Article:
Chelsea Therapeutics Reports Data From Study 303 Confirming Safety and Robust Therapeutic Benefit of Long-Term Northera Treatment in Neurogenic Orthostatic Hypotension
-- Northera Provides Sustained Improvements in Both Blood Pressure and Symptoms of Neurogenic Orthostatic Hypotension
-- Patients Maintain Statistically Significant 3.2 unit Improvement in OHQ Composite Scores Following Three Months of Open Label Treatment with Northera (p<0.001)
-- Study Validates Safety of up to 3 Months of Continued Open Label Northera Treatment
CHARLOTTE, N.C., May 18, 2010 (GLOBE NEWSWIRE) --Chelsea Therapeutics International, Ltd. (Nasdaq:CHTP) reported preliminary findings from Study 303, a long-term safety extension study from its Phase III NORTHERA(TM) (droxidopa) registration program in symptomatic neurogenic orthostatic hypotension (NOH). Top-line results demonstrated that prolonged treatment with Northera provides clinically meaningful and durable symptomatic improvements in patients with NOH and the data validate that the drug is safe and well tolerated throughout the extended dosing period.
"Study 303 is primarily intended to generate additional, long-term safety data to support chronic dosing and supplement data generated in our pivotal efficacy studies of Northera in symptomatic neurogenic orthostatic hypotension," commented Dr. Simon Pedder, president and CEO of Chelsea Therapeutics. "Given the intended long-term use of Northera in this indication and the design of this trial, we believe Study 303 offers meaningful insight into the efficacy of Northera over an extended treatment period and underscores the suitability of Northera as both a safe and effective treatment for patients with chronic symptomatic neurogenic orthostatic hypotension. As patients continue in Study 303, we expect continuation of the clear efficacy trends and strong safety seen in the first three months of this study and believe these data will provide important long term efficacy and safety data in our final NDA package."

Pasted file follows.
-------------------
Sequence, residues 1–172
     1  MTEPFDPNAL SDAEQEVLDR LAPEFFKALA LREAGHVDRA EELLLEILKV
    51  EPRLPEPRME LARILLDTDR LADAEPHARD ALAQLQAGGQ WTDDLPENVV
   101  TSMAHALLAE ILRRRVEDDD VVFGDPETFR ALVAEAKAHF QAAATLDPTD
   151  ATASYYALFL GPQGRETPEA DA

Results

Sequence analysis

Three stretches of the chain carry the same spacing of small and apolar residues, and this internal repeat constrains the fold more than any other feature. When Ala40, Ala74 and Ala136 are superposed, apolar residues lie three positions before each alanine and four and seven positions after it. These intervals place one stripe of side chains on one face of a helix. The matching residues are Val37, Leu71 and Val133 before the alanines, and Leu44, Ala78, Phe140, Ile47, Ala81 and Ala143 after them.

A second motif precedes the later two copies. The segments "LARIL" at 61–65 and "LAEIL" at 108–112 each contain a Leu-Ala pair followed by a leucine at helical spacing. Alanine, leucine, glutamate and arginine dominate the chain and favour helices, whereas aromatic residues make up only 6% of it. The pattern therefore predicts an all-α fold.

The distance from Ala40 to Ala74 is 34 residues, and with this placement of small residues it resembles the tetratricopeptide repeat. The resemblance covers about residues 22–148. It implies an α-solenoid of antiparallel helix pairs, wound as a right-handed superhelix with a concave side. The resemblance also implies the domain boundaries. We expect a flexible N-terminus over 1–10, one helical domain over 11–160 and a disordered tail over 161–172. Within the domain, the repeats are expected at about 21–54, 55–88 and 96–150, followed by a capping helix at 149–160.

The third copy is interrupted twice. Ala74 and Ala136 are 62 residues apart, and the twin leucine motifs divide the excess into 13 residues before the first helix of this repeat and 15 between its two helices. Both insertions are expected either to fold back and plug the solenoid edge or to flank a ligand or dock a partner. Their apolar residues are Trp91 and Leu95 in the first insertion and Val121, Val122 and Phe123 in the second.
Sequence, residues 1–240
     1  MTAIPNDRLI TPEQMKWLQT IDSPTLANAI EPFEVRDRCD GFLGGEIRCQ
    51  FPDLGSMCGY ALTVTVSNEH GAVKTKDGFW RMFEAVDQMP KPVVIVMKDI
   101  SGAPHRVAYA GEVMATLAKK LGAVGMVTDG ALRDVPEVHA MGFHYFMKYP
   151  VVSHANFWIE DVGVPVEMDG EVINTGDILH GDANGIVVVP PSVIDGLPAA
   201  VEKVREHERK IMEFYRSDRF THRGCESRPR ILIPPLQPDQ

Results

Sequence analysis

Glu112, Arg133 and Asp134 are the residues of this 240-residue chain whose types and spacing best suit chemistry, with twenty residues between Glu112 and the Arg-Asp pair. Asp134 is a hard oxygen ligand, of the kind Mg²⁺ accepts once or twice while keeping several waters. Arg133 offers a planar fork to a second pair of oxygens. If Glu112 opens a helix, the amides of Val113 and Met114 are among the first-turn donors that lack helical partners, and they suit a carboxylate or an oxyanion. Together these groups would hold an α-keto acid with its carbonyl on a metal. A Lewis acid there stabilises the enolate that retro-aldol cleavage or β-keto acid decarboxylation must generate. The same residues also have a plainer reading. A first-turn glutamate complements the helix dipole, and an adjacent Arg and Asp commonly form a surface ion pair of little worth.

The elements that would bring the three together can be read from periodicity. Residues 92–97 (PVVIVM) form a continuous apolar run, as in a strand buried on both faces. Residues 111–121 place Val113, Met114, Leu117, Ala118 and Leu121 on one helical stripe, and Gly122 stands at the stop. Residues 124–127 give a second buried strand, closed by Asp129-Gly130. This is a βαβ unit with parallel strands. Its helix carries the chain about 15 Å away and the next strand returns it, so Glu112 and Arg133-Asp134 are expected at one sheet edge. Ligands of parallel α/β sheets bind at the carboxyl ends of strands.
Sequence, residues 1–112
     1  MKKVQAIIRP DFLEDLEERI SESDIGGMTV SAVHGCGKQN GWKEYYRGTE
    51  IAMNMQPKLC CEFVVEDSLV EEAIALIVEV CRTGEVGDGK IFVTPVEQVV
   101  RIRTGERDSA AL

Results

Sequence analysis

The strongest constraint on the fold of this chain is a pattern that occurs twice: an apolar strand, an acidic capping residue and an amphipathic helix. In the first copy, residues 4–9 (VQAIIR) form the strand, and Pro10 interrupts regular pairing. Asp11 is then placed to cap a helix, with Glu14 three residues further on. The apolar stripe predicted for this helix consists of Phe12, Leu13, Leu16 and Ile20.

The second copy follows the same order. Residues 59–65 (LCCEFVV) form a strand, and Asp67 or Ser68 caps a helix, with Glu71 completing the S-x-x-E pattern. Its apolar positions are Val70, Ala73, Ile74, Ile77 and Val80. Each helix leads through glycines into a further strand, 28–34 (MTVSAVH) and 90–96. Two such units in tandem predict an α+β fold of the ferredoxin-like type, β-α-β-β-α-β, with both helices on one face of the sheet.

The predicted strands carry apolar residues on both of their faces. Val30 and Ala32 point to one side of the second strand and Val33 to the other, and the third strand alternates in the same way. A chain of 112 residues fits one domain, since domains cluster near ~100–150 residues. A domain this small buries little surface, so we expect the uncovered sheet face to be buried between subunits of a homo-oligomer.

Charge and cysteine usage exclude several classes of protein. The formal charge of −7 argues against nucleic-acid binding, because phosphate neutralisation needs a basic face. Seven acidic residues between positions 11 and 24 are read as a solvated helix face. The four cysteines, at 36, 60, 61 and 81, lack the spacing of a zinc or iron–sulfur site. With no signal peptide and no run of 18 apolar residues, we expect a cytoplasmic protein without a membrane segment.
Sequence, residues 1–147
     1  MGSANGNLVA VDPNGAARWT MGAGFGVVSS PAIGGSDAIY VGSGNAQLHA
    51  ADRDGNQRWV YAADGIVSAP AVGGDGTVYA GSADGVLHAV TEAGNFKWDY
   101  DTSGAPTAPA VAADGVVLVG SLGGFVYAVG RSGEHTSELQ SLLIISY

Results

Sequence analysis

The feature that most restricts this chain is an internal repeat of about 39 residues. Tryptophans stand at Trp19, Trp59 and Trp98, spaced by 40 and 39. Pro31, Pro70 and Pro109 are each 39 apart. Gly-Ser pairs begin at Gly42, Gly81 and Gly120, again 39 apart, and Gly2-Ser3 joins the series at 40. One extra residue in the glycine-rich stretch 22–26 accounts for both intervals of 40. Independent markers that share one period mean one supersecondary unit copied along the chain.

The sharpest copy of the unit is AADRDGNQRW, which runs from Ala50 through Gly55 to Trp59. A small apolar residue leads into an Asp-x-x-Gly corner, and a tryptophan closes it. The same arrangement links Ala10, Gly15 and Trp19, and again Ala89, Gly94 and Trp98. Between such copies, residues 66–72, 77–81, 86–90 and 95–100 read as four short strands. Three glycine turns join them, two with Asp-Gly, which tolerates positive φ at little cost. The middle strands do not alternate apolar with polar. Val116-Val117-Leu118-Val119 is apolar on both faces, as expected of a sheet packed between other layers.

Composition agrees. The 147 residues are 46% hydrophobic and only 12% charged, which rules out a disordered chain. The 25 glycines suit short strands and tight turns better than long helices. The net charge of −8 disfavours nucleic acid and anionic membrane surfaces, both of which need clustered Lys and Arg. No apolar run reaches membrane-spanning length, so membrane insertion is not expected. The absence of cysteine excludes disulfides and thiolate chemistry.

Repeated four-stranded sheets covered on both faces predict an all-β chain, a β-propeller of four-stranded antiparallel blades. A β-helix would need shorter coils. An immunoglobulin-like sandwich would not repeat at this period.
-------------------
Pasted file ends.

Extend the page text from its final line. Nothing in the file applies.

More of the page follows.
Study 303 is a three-month, renewable extension study that provides long-term, open-label drug treatment for patients with symptomatic NOH who previously demonstrated a symptomatic benefit from Northera treatment in one of Chelsea's Phase III clinical efficacy trials, Studies 301 or 302. Following the initial three-month open-label treatment period with doses of 100 mg up to 600 mg of Northera three times daily, 75 patients were randomized on a 1:1 basis to either continue Northera treatment or be withdrawn to placebo for a blinded two-week period to assess the comparative safety and durability-of-effect of Northera against placebo. Efficacy was assessed using multiple criteria throughout the study, including: blood pressure; a clinician-recorded and patient-recorded clinical global impressions-severity (CGI-S) scale; and the orthostatic hypotension questionnaire (OHQ).